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Faculty and students review curriculum

The Education and Curriculum Committee (ECC) at Carleton College is currently spearheading one of its most auspicious projects in the last half-century. Under the auspices of the ECC, a select number of Carleton faculty and students are undertaking a curricular review, a process that Carleton last did forty years ago. While curriculum is tweaked with each year, the curricular review is intended to examine Carleton’s curriculum, including graduation requirements, on a holistic level.

“This has been something that has been in the wind among Carleton faculty for quite awhile. There has been a lot of faculty interest in taking a holistic look at the curriculum,” said Scott Bierman, Dean of the College and co-chair of the ECC, describing the importance of a curricular review. “The curriculum is never static. It changes every year, but as a collective entity, we don’t evaluate where we are very often.”

As part of this process, three faculty task forces composed of six members each are individually examining the curriculum with the intention of delivering final reports at the February campus-wide faculty meeting. In addition to the faculty task forces, there is a perspective forth task force composed of twelve students that will deliver its own report at the February meeting.

According to Bierman, “It’s a bigger picture than the classes being offered specifically. This is connected at the hip to the continuing accreditation process that we’re a part of. If you look at the college catalog, we actually have almost no rationale for any requirement that’s in there. Everybody can articulate a type of rationale, but institutionally, we just have not confronted this issue of why it is we require what we require and might there be a better way of accomplishing some set of goals.”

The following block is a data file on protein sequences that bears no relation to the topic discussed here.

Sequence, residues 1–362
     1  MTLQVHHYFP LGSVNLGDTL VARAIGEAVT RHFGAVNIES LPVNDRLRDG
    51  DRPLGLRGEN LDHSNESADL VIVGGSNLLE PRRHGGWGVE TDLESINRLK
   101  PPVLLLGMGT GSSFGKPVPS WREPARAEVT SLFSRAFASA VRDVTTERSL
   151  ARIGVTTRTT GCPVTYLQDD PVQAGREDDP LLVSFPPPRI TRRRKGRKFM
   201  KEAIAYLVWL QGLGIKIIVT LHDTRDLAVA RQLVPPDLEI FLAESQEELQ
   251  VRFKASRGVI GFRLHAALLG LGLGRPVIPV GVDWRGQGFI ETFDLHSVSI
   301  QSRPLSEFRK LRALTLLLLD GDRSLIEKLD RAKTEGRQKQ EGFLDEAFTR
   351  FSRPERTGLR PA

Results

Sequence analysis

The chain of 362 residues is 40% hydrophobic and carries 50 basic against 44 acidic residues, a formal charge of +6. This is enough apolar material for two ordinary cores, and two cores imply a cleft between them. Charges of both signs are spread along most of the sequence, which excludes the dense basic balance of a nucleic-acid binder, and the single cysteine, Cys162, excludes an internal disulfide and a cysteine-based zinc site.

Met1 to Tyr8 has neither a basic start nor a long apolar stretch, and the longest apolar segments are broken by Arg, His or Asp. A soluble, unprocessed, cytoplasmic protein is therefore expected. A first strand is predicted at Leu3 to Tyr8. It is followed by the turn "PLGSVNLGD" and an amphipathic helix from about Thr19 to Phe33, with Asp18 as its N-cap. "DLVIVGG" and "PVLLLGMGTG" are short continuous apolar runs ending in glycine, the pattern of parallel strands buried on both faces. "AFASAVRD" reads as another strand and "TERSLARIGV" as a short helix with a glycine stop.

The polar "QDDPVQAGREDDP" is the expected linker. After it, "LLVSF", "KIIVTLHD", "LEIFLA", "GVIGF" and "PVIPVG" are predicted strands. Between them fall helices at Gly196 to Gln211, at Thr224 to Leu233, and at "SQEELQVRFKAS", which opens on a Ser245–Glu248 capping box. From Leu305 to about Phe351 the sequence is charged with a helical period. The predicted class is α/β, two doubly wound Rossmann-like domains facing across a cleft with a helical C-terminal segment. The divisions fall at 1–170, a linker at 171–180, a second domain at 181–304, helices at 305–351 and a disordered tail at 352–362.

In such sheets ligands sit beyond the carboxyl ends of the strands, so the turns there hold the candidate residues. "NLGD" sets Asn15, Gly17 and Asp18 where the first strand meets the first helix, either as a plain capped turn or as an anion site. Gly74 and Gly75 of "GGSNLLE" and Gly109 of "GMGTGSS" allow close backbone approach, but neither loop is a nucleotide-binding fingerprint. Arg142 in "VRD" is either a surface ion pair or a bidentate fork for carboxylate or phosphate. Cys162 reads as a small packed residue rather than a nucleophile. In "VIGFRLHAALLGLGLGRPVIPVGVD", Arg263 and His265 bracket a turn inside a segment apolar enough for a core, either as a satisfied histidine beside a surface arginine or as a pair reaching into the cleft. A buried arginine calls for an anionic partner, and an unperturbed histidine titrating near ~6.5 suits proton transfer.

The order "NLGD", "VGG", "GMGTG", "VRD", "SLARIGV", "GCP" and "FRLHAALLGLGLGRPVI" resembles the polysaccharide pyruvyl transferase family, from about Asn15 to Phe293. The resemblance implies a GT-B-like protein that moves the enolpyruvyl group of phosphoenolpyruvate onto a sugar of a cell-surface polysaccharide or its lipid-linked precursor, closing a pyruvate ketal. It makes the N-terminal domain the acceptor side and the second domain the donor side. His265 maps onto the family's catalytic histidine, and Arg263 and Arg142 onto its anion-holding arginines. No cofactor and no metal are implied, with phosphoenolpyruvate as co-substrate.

“I think of us as more of a sounding board. It gives the opportunity for [the task forces] to talk to faculty and students to get some input,” said Bill Titus, co-chair of the ECC, describing the relationship between the ECC and the faculty task forces. “It’s very important for them to hear what each of them are doing. They are not supposed to have a lot of contact with each other. The idea is to do something independent.”

For Brandon Walker ’09, serving on the ECC and on the planned student task force offers an opportunity for student input into the curriculum process. “If there are problems with the curriculum that should be tweaked or should be revisited, this is the opportune time to get it done. In fact, this is the only time that you can tweak and make changes to the curriculum.”

However, one of the problems that the ECC has faced is a lack of overall involvement from Carleton students. In addition to the planned student task force, the ECC has set up an email address for students to voice their input in the whole process.

“I think that there are a lot of students here at Carleton who are concerned about their curriculum and would like to see changes are most likely pretty vocal about it. However, it’s about [students] knowing what’s going on,” said Walker. “There has been and there continues to be a communication problem between administration and students. The ECC is charged with overseeing and redrafting our curriculum, but what role do students play with it. It should be said that this student-driven task force was an idea of the students on the ECC.”

“I think that we’ll get a lot of suggestions. From our end, the main purpose of this is to let the faculty know that this is what the students are thinking,” said Dillon Muth ’08, a member of the ECC and the student task force, describing the relationship between the student and faculty task forces. “We will not necessarily come up with our own plan for curriculum change, but they are going to take input from us, listen to it, and incorporate it into their ideas to a certain extent.”

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